Seasonality & Hiring Part 3: Retail
Read part 1 of our report on Accounting, Law, Finance, and Healthcare industries.
Read part 2 of our report on the Technology industry.
Small business job growth in the Brick and Mortar Retail industry peaks in the spring and fall, according to new data from Guideline, whereas Online Retail does not show as pronounced of a pattern in employment seasonality. The Leisure industry has strong growth in both the spring and fall, although this varies by state.
We’ve been crunching the numbers on employment at small businesses that offer their employees a Guideline 401(k) from 2015 to the present, to find out what patterns emerge throughout the year. The first post in this series looked at seasonality in job growth in the professional services and healthcare industries, and the second post considered the technology sector. This third and final post compares Online and Brick and Mortar Retail, and takes a close look at the leisure-related industries of Arts, Recreation, and Hospitality.
Most jobs data is seasonally adjusted, in order to focus on the economic expansion and contraction of the business cycle, and on long-term changes in the structure of the economy. But as an employer or employee, it can be helpful to keep in mind that the month matters in the retail and leisure industries, because job growth tends to happen unevenly throughout the year, due to factors such as the weather, vacation season, and holiday shopping.
At small businesses that offer a Guideline 401(k), job growth in Brick and Mortar Retail shows a pronounced seasonal pattern with a peak in April, another in October, and slow periods with near zero net job growth in July and December. In contrast, small businesses in Online Retail do not show such a distinct pattern of seasonality, with slightly higher net job growth in the summer, on average, than the winter and spring.
The Arts, Recreation, and Hospitality industries show a dramatic spike in job growth in May, in advance of the summer vacation season. In July, net job growth slows to near zero--possibly because during the mid-season rush, small businesses are too busy to recruit and hire.
At both small and large businesses, retail is highly seasonal and has little variation from state to state, but the leisure industry is both highly seasonal and has great variation across the country, according to data from the Federal Reserve Bank of Chicago. This Federal Reserve analysis, based on data from the Bureau of Labor Statistics, compared seasonality in Leisure employment in a handful of states with very different weather and patterns of tourism, showing how local conditions shape this industry.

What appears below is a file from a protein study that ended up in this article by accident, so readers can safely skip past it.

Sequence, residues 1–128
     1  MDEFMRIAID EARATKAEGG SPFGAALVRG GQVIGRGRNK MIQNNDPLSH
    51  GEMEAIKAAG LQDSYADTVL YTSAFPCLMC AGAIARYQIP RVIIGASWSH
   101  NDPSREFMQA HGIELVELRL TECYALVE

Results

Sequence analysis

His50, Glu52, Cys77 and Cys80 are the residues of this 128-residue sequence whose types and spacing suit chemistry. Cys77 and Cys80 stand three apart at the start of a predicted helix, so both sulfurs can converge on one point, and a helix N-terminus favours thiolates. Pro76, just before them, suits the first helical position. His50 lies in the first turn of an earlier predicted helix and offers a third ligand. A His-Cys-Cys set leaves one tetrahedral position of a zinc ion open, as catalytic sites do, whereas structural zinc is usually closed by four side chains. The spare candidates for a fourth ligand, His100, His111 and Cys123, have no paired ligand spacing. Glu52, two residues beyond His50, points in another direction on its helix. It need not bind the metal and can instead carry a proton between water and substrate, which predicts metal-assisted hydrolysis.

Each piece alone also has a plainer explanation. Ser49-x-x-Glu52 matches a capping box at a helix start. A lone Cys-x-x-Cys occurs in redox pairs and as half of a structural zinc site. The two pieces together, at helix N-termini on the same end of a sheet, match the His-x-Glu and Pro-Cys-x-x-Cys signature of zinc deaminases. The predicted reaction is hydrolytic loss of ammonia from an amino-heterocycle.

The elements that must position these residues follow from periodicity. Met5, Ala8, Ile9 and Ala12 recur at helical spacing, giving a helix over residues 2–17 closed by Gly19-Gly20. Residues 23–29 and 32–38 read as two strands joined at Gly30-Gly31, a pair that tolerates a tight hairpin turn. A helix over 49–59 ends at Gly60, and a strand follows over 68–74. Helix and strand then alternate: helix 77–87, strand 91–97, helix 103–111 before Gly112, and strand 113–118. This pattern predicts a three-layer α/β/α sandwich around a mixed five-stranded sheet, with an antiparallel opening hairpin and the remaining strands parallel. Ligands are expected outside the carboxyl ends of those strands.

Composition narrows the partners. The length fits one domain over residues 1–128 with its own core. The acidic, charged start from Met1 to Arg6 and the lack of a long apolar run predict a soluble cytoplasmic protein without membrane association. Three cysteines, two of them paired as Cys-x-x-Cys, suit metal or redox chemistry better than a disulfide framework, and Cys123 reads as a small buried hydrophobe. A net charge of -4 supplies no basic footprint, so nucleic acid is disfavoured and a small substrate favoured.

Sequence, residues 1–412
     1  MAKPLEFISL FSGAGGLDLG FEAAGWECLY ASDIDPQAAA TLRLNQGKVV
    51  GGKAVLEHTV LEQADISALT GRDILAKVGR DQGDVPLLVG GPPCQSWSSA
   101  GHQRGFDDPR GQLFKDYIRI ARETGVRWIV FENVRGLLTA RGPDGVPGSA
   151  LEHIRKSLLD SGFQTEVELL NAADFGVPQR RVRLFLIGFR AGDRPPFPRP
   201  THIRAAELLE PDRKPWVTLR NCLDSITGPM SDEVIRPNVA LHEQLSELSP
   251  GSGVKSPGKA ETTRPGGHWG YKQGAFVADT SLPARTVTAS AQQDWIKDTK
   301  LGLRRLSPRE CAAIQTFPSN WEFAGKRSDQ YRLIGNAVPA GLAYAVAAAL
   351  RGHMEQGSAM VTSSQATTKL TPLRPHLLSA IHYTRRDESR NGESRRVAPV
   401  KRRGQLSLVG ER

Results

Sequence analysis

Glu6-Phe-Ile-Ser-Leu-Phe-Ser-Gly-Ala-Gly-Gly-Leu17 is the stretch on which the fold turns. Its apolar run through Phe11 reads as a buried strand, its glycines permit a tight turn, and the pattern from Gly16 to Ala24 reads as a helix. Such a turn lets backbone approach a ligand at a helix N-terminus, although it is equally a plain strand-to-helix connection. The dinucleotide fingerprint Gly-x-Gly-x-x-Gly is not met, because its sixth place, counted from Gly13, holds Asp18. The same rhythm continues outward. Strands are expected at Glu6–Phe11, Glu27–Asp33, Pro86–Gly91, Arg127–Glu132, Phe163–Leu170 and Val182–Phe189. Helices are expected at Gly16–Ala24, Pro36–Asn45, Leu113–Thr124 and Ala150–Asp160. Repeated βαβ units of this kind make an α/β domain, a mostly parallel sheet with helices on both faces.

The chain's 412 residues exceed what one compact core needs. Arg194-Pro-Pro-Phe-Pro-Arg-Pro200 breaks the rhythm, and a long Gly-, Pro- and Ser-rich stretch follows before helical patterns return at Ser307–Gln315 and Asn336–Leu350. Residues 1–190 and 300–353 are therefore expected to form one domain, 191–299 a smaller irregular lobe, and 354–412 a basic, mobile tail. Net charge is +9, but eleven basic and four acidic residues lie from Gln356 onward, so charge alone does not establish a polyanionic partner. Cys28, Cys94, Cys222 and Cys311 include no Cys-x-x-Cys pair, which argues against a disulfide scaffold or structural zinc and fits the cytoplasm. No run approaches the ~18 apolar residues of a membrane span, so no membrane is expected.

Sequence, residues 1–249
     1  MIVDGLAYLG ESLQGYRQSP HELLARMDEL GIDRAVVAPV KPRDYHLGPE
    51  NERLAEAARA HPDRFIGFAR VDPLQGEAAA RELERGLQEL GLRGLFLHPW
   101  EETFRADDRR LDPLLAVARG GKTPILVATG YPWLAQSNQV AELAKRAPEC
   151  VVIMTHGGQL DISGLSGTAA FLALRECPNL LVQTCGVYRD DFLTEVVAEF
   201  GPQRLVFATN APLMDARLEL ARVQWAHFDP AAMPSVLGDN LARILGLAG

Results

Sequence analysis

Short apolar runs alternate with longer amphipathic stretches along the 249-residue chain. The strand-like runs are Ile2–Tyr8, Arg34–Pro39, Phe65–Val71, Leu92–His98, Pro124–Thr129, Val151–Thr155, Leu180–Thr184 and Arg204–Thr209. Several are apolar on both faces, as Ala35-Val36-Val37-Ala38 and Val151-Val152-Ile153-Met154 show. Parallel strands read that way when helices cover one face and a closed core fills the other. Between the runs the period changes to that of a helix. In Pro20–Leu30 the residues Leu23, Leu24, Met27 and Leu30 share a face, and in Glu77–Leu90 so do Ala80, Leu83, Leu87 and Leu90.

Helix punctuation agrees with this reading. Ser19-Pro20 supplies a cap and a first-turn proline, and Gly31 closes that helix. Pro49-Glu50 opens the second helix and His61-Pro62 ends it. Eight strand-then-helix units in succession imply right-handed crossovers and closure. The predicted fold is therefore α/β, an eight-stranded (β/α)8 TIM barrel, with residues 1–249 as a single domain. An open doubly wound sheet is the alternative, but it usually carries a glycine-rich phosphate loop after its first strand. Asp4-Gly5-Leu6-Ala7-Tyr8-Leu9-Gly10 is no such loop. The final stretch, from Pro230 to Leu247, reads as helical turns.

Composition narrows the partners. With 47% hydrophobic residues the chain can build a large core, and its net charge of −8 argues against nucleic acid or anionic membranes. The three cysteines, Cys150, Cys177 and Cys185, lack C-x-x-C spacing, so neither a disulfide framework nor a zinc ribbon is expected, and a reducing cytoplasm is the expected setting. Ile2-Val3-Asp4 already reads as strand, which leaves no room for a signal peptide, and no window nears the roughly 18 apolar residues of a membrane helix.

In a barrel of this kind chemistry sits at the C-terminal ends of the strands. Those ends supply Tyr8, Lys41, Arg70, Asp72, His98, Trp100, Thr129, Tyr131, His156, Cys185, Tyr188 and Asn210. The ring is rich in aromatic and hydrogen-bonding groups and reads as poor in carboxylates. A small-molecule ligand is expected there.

A quick note on the Federal Reserve’s data: whereas the above Guideline data shows the average rate of month-over-month increase in the number of jobs, the Fed’s data looks at the total number of jobs in any given month as a percent higher or lower than the annual average. They’re slightly different metrics, with Guideline’s data zeroing in on times when hiring activity tends to be higher, and the Fed’s data identifying when the number of employees is greatest.
According to the Federal Reserve, in Maine, tourism primarily occurs in the summer, when people head to the coast to beat the heat; and employment in Maine’s Leisure industry shows greater seasonality than the other states considered, with summer employment levels over 20% higher than the annual average.
Adjacent to Maine, but with a bigger emphasis on skiing and other forms of winter recreation, Vermont has a distinct peak in Leisure employment for the winter, and another in summer.
In contrast, the warmer destinations of Florida and California have much less pronounced patterns of seasonality. Florida’s Leisure industry has slightly more employees in the spring, as people escape winter for spring break and other vacations; whereas California’s Leisure employment crests in mid-summer.
For job seekers: Does this mean it’s hopeless to look for a Leisure industry job in January in Maine, or in a Brick and Mortar Retail small business in July? Not necessarily. While these are off-peak periods for employment and job growth, we think that this data suggests how specific employment patterns can be, based on the nature and business model for each business and its context. After all, the Arts, Recreation, and Hospitality industries businesses ranging from theaters, amusement parks, bowling alleys, marinas, ski resorts, restaurants, and hotels--and a small business in each of these areas may have its own busy season and trajectory of growth.
For small businesses: If you’re looking to hire people with experience in the Leisure and Retail industries for your fast-growing small business, or for one whose seasonal needs are off-kilter with your local scene, knowing these seasonality patterns presents an opportunity. Advertise your job openings as the busy season winds down, to catch the attention of job seekers as they become available.
Are you a small business looking for a simple and affordable 401(k) plan to offer to your employees? You can get started with Guideline at www.guideline.com, or email us at [email protected] to get answers from a specialist.
We analyzed anonymized employment data from over 9,000 small businesses that offer Guideline 401(k) plans. Our analysis counted job gains based on payroll data from company expansions and job losses from company contractions, but not gains and losses due to companies being founded or going out of business. Companies were classified into industries based on the North American Industry Classification System (NAICS) code each company selected in their Form 5500 publicly filed with the Internal Revenue Service (IRS).